|Publication number||US7510139 B2|
|Application number||US 11/265,361|
|Publication date||Mar 31, 2009|
|Filing date||Nov 2, 2005|
|Priority date||Nov 2, 2005|
|Also published as||US20070095969|
|Publication number||11265361, 265361, US 7510139 B2, US 7510139B2, US-B2-7510139, US7510139 B2, US7510139B2|
|Inventors||Eric W. Walliser|
|Original Assignee||Walliser Eric W|
|Export Citation||BiBTeX, EndNote, RefMan|
|Patent Citations (29), Referenced by (1), Classifications (15), Legal Events (2)|
|External Links: USPTO, USPTO Assignment, Espacenet|
The present invention relates to aircraft and, more particularly, to rotor-wing aircraft having a bypassable radial inflow turbine.
The rotor/wings or blades of conventional rotary wing aircraft are frequently driven by a rotating shaft or mast that rotates about a generally vertical axis. The rotating blades and shaft cause a reaction torque that is frequently counter-balanced by smaller rotor blades mounted on the aircraft tail so they rotate about a generally horizontal axis. In other cases, the reaction torques are counter-balanced by having two counter-rotating main rotor blade sets. In order to avoid the problems associated with reaction torques, some rotary wing aircraft are reaction driven. That is, the rotor/wings are rotated by high-pressure gas exhausted from a trailing edge of each wing. Because reaction-driven aircraft are not shaft driven, significant reaction torques are not transmitted to the aircraft body. The gas delivered to each wing of a reaction-driven aircraft is typically created by a power plant (e.g., a gas turbine engine) mounted in the aircraft body and directed to the rotor/wing through the rotor mast.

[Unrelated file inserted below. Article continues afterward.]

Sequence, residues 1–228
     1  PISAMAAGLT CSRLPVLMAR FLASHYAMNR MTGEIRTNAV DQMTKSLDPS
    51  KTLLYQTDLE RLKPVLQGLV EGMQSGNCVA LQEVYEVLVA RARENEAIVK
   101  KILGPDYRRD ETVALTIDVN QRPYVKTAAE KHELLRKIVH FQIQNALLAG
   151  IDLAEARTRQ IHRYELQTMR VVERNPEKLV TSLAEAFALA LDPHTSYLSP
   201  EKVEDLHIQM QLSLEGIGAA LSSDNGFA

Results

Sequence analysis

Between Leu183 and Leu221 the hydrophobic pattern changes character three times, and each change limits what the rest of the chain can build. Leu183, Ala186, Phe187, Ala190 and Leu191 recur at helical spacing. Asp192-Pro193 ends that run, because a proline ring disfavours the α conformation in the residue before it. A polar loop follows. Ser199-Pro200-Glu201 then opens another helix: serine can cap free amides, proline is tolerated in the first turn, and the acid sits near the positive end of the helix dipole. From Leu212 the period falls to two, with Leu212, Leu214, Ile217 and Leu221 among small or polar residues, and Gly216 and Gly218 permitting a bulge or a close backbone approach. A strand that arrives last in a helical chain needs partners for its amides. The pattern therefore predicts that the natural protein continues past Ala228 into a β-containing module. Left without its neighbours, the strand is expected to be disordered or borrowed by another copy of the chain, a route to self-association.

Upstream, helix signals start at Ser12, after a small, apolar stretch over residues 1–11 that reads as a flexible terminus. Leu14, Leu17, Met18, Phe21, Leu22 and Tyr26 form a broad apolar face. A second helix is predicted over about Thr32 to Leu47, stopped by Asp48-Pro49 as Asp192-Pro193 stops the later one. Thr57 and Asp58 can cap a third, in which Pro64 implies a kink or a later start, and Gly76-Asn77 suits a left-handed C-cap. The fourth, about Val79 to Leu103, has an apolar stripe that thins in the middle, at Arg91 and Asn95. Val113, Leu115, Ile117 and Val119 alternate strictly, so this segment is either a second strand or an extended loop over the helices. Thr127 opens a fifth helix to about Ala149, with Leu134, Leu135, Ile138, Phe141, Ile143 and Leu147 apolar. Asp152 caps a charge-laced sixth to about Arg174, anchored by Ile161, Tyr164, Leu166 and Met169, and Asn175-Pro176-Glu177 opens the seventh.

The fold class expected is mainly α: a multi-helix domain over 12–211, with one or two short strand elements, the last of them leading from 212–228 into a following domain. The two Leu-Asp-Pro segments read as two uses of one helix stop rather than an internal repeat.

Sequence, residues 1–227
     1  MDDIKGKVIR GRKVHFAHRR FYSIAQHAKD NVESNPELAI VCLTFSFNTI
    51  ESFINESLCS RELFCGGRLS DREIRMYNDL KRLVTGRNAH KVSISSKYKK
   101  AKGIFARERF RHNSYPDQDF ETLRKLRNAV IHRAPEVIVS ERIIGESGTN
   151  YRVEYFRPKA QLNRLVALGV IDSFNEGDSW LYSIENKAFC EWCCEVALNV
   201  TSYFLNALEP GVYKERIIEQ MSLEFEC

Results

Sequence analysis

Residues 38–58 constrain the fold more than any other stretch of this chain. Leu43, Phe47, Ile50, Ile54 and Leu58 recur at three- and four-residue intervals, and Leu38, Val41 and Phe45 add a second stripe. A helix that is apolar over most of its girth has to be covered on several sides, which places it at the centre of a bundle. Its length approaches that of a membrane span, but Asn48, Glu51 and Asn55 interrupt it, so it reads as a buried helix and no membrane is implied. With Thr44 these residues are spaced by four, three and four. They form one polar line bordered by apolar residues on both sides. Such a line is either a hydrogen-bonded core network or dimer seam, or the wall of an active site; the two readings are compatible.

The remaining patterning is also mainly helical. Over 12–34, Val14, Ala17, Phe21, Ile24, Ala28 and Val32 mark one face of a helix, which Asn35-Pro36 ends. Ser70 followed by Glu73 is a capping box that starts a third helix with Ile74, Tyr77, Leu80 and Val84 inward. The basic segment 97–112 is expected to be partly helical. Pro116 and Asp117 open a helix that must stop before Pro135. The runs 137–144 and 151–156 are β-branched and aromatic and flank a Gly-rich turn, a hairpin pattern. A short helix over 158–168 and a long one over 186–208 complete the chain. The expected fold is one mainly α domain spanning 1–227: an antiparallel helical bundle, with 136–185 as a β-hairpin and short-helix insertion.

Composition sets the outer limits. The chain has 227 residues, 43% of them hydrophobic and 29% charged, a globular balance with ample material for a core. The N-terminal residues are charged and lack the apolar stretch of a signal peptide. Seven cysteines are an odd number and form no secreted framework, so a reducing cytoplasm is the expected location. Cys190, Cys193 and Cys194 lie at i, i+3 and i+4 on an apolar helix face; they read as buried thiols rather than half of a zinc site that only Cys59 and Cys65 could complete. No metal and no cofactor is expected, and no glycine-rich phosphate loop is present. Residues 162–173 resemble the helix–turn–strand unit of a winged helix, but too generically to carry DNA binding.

Higher performance rotor-wing aircraft are sought. If reaction-drive rotor-wing aircraft are used, increasing performance generally requires increased exhaust mass flow rates and operating pressures. However, reaction-drive rotor-wing aircraft have significant system losses. Reaction-drive rotor-wing aircraft also require a relatively thick rotor mast and relatively large rotor blades to accommodate the exhaust passing through them during aircraft operation. In addition, heavy metal parts are required for transferring the high-temperature exhaust from the power plant to the blade tips. Further, the larger mast and blades increase aircraft weight and drag, requiring even larger power plants, which increase fuel usage and cost.